Nuclear safety is, of course, an oxymoron. Nuclear reactors are inherently dangerous, vulnerable to accident with the potential for catastrophic consequences to health and the environment if enough radioactivity escapes. The U.S. Nuclear Regulatory Commission, Congressionally-mandated to protect public safety, is a blatant lapdog bowing to the financial priorities of the nuclear industry.



What lessons will the U.S. learn from Fukushima Daiichi's radioactive “tsunami that never seems to roll back”? 

An op-ed in the International Herald Tribune entitled "Fukushima in America" by Nassrine Azimi asks if the U.S. will take heed of the lessons from Japan's historic nuclear weapons and nuclear power catastrophes.


Nature reports that 90 million people live within 30 km danger zone of atomic reactors

The journal Nature reports toat over 90 million people around the world live within 30 km (19 miles) of an atomic reactor. 30 km represents the current radius of the "Dead Zone" drawn around the Fukushima Daiichi nuclear power plant in Japan. Of these 90 million people, 16 million are in the U.S.; over nine million each reside in China, Germany and Pakistan; more than five million reside in France, India, and Taiwan. If the radius is expanded to 75 kilometres (47 miles), the number of residents in such nuclear emergency zones increases to almost 500 million. 50 miles is the distance that the U.S. Nuclear Regulatory Commission chairman Greg Jazcko told Congress in mid March that Americans should stay away from the destroyed Fukushima Daiichi nuclear power plant in Japan, just days into the nuclear catastrophe.


Steam leak at Susquehanna shuts nuclear plant

A steam leak at the Susquehanna nuclear power plant near Berwick, PA on January 25. When operators realized the steam leak could not be isolated, they opted to "scram" - or shut down the reactor. The leak occurred in the feedwater heater bay of Unit 1. 


Environmental coalition organizes to resist Davis-Besse license extension

Boric acid-rust "lava" flows from Davis-Besse lid. In 2002 it was revealed that a mere 3/16ths of an inch of metal was preventing a breach and loss-of-coolant-accident.Beyond Nuclear, along with The Green Party of Ohio (, the Ohio Sierra Club ( ), Don't Waste Michigan and the Coalition for a Nuclear-Free Great Lakes held a people's hearing in Toledo on Sat., Dec. 18th to oppose the 20 year license extension recently sought by the trouble-plagued Davis-Besse atomic reactor. The event was held at St. Mark's Episcopal Church in Toledo, Ohio. Concerned citizens' comments and testimony were videorecorded, and will be submitted to NRC as official public comment for its environmental scoping on the proposal. Alvin D. Compaan, Distinguished University Professor of Physics, Emeritus, at the University of Toledo, presented on "The case for replacing Davis-Besse with efficiency improvements and renewable energy sources." Kathryn Hoepfl, a University of Toledo undergraduate student of physics, also showed how wind power and solar power can readily replace Davis-Besse's atomic electricity. Other speakers included event organizers Joseph DeMare and Anita Rios of the Green Party of Ohio, Tony Szilagye of the Ohio Sierra Club, Ed McArdle of the Southeast Michigan Group of the Sierra Club, Phyllis Oster (who intervened against Davis-Besse's initial licensing over 30 years ago), David Ellison (a Cleveland architect and Green Party member), Ralph Semrock of SOLTERRA, and Michael Leonardi (a Toledo native who now resides in Italy). Kevin Kamps of Beyond Nuclear presented on his backgrounder, "Davis-Besse: 20 MORE Years of Radioactive Russian Roulette?!", which summarizes the numerous near-disasters there since operations began in 1977. Environmental groups plan to intervene against the license extension by the Dec. 27th deadline. A flyer announced the people's hearing. The Toledo Free Press has editorialized against the Davis-Besse license extension, and Tom Henry of the Toledo Blade attended and wrote an article about the people's hearing.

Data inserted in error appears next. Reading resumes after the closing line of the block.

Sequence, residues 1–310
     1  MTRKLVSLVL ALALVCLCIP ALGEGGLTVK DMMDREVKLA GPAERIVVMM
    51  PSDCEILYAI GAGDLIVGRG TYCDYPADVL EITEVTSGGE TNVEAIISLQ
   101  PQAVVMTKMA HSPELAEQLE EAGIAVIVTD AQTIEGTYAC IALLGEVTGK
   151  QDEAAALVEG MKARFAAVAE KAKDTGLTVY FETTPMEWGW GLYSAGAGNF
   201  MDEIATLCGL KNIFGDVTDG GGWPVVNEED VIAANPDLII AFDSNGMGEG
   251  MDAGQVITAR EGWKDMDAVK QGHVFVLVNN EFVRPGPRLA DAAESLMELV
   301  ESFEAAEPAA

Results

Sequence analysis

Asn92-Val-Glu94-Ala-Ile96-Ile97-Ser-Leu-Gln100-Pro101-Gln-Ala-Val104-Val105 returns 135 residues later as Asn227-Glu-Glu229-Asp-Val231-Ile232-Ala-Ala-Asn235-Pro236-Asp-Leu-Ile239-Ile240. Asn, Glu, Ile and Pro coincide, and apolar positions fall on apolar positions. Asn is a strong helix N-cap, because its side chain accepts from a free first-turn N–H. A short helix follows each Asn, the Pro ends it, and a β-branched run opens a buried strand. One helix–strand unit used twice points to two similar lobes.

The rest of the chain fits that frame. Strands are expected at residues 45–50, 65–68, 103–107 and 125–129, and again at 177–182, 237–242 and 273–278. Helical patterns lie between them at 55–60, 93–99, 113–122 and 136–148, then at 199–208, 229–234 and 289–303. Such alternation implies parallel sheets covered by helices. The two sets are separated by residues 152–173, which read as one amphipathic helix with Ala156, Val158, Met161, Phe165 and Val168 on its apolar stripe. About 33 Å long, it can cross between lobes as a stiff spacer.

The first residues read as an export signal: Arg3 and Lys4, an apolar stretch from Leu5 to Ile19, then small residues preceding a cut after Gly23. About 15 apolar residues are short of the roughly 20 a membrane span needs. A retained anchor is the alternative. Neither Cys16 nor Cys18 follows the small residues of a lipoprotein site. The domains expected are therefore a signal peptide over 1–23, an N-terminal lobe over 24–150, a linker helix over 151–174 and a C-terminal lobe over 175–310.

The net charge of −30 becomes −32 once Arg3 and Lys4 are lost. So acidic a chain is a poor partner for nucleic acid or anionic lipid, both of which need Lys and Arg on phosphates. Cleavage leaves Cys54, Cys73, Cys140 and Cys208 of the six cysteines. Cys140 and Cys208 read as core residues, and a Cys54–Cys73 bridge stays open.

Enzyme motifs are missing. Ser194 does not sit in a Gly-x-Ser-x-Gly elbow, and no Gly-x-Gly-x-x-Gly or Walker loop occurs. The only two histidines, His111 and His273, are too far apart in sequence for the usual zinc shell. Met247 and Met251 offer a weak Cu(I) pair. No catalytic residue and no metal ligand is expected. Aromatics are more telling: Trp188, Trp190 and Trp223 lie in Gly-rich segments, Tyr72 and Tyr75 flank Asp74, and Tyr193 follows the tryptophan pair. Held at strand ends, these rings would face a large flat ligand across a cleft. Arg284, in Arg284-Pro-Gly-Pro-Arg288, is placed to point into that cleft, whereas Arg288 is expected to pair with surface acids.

"Chernobyl: Consequences of the Catastrophe for People and the Environment" available online for free

Chernobyl: Consequences of the Catastrophe for People and the Environment, Dec. 2009, 335 pages, published by the New York Academy of Sciences (NYAS), is viewable online at no charge in PDF format. Go to: Then click on “Full Text.” Then, under “Annals Access,” next to “Nonmembers,” click on “View Annals TOC free.” This will allow you, chapter by chapter, to download and/or view the entire text of the book, for free. As the 25th commemoration of the Chernobyl nuclear catastrophe approaches (April 26, 2011), this vital book could not be more timely. It is written by Alexey V. Yablokov of the Center for Russian Environmental Policy in Moscow, Russia; Vassily B. Nesterenko, and Alexey V. Nesterenko, of the Institute of Radiation Safety in Minsk, Belarus. Janette D. Sherman-Nevinger of the Environmental Institute at Western Michigan University in Kalamazoo, Michigan, U.S.A. has served as the Consulting Editor. Please help spread the word about this significant scientific study, and its availability online at no charge. Its hardcopy sale price from the NYAS has been a whopping $150 for nonmembers – out of reach, of course, for most all-volunteer anti-nuclear groups. Besides that, NYAS only printed 700 hardcopies of the book to begin with. Now, no copies are left, and it is unknown if more will be printed.